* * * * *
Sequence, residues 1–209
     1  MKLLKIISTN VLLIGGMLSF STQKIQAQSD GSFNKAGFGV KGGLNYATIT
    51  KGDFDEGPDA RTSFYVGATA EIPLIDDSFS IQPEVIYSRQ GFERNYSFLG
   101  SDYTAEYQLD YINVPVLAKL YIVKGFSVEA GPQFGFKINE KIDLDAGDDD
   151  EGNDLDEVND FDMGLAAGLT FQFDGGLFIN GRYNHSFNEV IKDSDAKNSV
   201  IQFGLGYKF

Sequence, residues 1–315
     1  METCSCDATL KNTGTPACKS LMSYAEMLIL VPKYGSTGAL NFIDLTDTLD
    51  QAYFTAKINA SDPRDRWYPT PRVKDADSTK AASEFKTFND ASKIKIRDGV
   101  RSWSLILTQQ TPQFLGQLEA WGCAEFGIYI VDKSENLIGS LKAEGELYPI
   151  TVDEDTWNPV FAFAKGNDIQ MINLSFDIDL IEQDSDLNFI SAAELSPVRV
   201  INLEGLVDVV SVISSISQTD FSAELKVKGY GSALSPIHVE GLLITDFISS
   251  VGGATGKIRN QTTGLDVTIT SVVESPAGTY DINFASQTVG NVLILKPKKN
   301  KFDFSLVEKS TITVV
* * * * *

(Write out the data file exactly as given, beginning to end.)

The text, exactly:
Sequence, residues 1–209
     1  MKLLKIISTN VLLIGGMLSF STQKIQAQSD GSFNKAGFGV KGGLNYATIT
    51  KGDFDEGPDA RTSFYVGATA EIPLIDDSFS IQPEVIYSRQ GFERNYSFLG
   101  SDYTAEYQLD YINVPVLAKL YIVKGFSVEA GPQFGFKINE KIDLDAGDDD
   151  EGNDLDEVND FDMGLAAGLT FQFDGGLFIN GRYNHSFNEV IKDSDAKNSV
   201  IQFGLGYKF

Sequence, residues 1–315
     1  METCSCDATL KNTGTPACKS LMSYAEMLIL VPKYGSTGAL NFIDLTDTLD
    51  QAYFTAKINA SDPRDRWYPT PRVKDADSTK AASEFKTFND ASKIKIRDGV
   101  RSWSLILTQQ TPQFLGQLEA WGCAEFGIYI VDKSENLIGS LKAEGELYPI
   151  TVDEDTWNPV FAFAKGNDIQ MINLSFDIDL IEQDSDLNFI SAAELSPVRV
   201  INLEGLVDVV SVISSISQTD FSAELKVKGY GSALSPIHVE GLLITDFISS
   251  VGGATGKIRN QTTGLDVTIT SVVESPAGTY DINFASQTVG NVLILKPKKN
   301  KFDFSLVEKS TITVV